Which Joe gave his name to ‘sloppy joes’? We look at five interesting sandwiches and their lexical origins.
Denoting substituent atoms or groups, especially protons, attached to the same atom in a molecule.
- ‘The fellow doing it was down the hall from me in graduate school, and he was doing an obscure reaction which forms a geminal dinitrile, which themselves are rather obscure compounds.’
- ‘This showed a reactive lymph node with prominent geminal centres and focal areas in keeping with necrotising granulomata.’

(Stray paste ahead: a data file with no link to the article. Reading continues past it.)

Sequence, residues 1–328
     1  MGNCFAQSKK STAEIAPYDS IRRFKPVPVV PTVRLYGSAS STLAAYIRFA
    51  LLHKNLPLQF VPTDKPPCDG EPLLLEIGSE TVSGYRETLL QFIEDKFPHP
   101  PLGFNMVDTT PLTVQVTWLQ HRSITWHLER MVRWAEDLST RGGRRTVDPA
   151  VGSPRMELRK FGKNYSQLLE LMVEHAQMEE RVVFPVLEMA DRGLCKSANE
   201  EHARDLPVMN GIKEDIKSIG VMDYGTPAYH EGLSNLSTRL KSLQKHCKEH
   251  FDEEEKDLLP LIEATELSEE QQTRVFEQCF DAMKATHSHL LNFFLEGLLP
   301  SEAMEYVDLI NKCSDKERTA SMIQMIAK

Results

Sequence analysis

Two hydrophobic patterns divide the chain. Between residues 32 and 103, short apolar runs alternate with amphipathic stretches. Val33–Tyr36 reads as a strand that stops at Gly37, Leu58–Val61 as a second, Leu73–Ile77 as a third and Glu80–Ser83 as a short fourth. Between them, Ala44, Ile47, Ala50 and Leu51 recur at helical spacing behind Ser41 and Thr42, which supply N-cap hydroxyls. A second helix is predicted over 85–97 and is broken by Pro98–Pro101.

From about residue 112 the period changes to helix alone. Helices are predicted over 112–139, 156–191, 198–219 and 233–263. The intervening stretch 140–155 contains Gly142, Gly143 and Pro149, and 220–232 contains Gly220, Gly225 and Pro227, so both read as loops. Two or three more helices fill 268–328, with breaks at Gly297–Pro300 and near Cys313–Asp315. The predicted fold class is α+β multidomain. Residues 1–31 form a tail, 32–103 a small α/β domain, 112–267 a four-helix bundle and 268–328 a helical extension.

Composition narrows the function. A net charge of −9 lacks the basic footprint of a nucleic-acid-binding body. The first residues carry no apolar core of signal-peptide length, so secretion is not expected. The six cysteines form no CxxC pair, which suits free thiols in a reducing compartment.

- ‘Compounds in which two hydroxyl groups are attached to the same carbon atom (geminal diols) normally cannot be isolated.’
- ‘Particularly in the pathological examination, we discovered that it could activate and proliferate cells in lymph follicles, geminal centre, paracortical zone and medullary cord of lymph nodes.’
1960s: from Latin geminus twin + -al.
We take a look at several popular, though confusing, punctuation marks.
From Afghanistan to Zimbabwe, discover surprising and intriguing language facts from around the globe.
The definitions of ‘buddy’ and ‘bro’ in the OED have recently been revised. We explore their history and increase in popularity.